The actual Prime Ministership however is out of your grasp, unless he has made a complete tit of himself by holding a hasty referendum on a complex issue nobody understands, but everyone thinks they do, and loses. Your colleagues are all variously flapping around looking immensely useless and/or culpable for the disaster; several have tripped over onto their swords, so it’s you who are dragged from hiding behind a curtain by the Praetorian Guard.

And there you stand, the PM at last, naked as the day you were born, hugging your Inner Intern at a hastily-erected lectern outside Number 10, trying desperately to think of anything to say that will unite the nation, end immigration at a stroke and frighten Mr Putin all at the same time.

Meanwhile, the press is more interested in speculating about what will happen to the Number 10 cat after the change of owner. Cats mean clickbait!

And the next day, as you book your trip to Washington to be instructed by the POTUS on your foreign and defence policies and not to oppose opening your domestic market to rapacious US corporations, you’ll still be expected to be on top of the vexed issue of glass in the neighbours’ recycling.

Yes, even the Prime Minister of Great Britain and Northern Ireland is still a constituency MP, first and foremost.

So, to those angry, disappointed folk on your doorsteps, with your puzzled, thinning grey heads buried in the pages of the Daily Mail; you who like to claim along with Nigel Farage that our politicians have ‘never had a proper job in their lives’; unlike Farage, who, before he forged a career dishonestly drawing a generous salary and even more generous expenses from the very institution he is pledged to destroy, the European parliament, ‘worked’ in a ‘proper job’ as a ‘commodities broker’ (that’s someone who ensures third-world producers go hungry and consumers get fleeced, by rigging prices for his clients, the middlemen, to make their fortunes out of bulk shipping), I pose the question:

Would you rather the surgeon operating on your advanced neuro-blastoma had spent his apprenticeship and twenty or thirty years subsequently as a hod-carrier on a building site, or in a call-centre in Swansea? Is the girl or guy flying you and your kids and a bunch of drunks on a holiday charter to Torremolinos a better pilot for having first trained to fly a desk in the local JobCentrePlus?

So why do you expect your politicians to be, not expert politicians, but the assistant managers of building society branches, or the guy drinking tea who never answers the phone ringing behind the counter in Screwfix, or an Ofsted inspector, or the annoying Special Needs bloke operating the Stop-Go sign at the roadworks you’re stuck at?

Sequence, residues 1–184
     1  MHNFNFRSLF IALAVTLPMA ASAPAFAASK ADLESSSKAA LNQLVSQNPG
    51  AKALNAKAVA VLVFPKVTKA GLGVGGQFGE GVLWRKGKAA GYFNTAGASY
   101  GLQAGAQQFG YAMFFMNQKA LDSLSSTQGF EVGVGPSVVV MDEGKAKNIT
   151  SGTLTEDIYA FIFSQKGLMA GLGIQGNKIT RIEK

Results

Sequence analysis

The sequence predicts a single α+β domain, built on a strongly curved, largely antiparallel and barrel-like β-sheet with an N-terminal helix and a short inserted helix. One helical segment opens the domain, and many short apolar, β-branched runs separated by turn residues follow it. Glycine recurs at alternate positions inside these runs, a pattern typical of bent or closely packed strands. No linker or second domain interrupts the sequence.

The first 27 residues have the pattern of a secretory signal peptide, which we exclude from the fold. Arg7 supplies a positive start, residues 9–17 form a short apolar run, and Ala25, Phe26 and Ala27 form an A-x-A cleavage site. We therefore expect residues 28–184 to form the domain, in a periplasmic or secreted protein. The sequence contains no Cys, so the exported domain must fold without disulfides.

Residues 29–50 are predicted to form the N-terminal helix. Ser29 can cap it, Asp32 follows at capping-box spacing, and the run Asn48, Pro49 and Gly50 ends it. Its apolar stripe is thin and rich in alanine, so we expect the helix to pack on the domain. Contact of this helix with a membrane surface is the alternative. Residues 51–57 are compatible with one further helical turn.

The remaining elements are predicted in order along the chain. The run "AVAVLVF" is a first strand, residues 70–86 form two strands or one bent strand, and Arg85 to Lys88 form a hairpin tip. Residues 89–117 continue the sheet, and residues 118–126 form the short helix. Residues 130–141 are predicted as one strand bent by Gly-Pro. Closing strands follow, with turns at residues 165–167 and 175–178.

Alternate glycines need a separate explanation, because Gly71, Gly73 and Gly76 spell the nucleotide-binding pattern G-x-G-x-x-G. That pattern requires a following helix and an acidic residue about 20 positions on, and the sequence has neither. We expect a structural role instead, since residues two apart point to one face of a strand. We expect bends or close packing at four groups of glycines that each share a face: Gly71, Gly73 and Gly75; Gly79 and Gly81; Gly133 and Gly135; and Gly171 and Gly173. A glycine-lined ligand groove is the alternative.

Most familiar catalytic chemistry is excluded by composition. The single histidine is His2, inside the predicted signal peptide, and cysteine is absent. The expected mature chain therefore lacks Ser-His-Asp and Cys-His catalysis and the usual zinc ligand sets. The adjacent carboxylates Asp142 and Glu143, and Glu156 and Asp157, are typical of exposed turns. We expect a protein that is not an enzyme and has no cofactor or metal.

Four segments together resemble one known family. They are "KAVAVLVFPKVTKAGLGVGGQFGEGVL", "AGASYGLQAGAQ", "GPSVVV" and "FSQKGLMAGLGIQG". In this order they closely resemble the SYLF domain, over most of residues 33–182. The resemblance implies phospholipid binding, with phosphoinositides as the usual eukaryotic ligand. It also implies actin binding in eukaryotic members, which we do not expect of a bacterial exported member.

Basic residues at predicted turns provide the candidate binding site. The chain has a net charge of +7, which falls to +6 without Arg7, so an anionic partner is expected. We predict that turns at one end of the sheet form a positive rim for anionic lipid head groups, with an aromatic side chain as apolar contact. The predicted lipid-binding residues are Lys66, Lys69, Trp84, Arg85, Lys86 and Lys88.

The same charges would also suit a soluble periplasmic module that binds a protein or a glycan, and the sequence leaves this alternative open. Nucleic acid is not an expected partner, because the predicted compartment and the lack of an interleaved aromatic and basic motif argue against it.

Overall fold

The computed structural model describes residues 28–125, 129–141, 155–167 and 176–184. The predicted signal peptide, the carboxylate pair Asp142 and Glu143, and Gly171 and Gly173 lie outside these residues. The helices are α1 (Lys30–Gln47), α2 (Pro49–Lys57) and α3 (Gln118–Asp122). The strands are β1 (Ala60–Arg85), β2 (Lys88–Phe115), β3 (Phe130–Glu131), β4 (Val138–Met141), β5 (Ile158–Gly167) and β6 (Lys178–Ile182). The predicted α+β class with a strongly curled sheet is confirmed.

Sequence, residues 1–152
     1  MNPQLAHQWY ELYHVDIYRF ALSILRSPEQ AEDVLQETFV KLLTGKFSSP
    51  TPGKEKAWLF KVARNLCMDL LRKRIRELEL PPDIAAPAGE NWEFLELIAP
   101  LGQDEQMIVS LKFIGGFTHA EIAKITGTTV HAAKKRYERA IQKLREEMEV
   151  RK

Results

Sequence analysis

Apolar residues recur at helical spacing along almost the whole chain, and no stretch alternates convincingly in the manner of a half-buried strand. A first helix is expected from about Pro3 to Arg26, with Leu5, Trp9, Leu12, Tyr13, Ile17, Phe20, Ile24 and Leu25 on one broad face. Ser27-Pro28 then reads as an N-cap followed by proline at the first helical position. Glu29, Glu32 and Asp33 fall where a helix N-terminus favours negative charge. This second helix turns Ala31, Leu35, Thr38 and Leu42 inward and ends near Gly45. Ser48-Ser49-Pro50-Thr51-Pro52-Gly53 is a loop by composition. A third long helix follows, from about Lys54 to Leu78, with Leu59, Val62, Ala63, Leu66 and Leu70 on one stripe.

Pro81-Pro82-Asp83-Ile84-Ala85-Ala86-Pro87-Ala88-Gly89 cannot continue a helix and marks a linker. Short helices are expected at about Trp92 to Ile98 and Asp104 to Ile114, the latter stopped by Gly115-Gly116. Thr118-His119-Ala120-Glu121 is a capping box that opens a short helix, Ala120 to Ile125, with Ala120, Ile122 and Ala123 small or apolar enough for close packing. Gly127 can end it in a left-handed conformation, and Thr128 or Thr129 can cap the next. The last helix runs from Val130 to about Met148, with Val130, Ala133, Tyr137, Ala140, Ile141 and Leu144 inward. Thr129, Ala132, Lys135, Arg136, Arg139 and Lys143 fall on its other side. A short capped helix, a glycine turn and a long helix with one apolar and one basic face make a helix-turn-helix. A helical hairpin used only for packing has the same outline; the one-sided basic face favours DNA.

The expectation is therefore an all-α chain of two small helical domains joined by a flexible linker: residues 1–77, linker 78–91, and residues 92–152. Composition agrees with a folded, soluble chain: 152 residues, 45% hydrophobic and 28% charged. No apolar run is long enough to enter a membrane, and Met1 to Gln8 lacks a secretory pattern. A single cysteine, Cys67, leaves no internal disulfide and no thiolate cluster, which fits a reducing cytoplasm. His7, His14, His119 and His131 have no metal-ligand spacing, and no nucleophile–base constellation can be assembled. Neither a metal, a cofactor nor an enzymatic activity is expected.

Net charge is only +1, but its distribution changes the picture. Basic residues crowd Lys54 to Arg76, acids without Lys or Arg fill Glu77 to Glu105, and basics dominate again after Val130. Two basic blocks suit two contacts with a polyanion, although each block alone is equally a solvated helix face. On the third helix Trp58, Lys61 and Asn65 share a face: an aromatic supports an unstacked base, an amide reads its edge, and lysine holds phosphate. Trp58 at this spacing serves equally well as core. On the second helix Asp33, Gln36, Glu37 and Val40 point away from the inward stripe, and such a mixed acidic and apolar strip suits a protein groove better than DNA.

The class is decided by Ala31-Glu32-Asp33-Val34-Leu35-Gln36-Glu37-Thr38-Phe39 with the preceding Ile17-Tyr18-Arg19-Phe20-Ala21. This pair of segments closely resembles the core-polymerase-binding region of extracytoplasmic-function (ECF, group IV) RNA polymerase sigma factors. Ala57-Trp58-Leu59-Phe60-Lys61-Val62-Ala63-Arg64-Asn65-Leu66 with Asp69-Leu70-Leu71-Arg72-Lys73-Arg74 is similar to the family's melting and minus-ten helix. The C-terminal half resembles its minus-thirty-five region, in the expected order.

Is it because you think ‘democracy’ means ‘rule by the masses’? Because it doesn’t.

Of course politics is a proper job!

UKIP. A shambolic, embryonic non-party born out of a generalised feeling of malcontent, a delusional belief that Aunt Mildred could do a better job of running ‘t country than someone who has spent thirty years actually learning how difficult it really is in the modern era; yes, Mildred’d regain control of our borders alright, she can knit a fence in a day.

Aren’t you possibly being a little silly to think this way?


Essay: Can you have ‘too many’ immigrants?

The migration of labour is as much subject to the law of supply and demand as any other area of the economy.

If there are jobs to fill, people will fill them.

If there are not enough native workers to fill jobs, people will be attracted to come from outside; benefiting both the immigrants, and the employers.

If there are not enough suitably qualified native workers, suitably qualified people will be attracted to come from outside, helping to maintain standards.

When there are enough workers to fill the jobs available, and enough suitably qualified people are in work, people will not be attracted to come from outside and will stop coming.

Faced with falling demand for labour, many migrants return to their home countries, or look to other countries where they can migrate to find work. Many native citizens also will be attracted to emigrate, to look for work in other countries.

It is a dynamic, not a static system, that operates as a natural response to economic cycles and local conditions.

In that sense, the idea that you can have ‘too many’ immigrants can only ever be true as a temporary state of surplus. The law of supply and demand in the labour market dictates that immigration must find its own level.

This basic principle has operated throughout the history of human economies.

Formerly, the driving force of migration was the pressure of population on agricultural land and the need to secure resources. The later growth of the production economy has made jobs the main driver of migration.

People will be attracted to areas of the global production economy where wages are higher and opportunities for advancement are greater than in their own countries. The growth of the consumer economy has made higher wages the subsidiary driver of migration.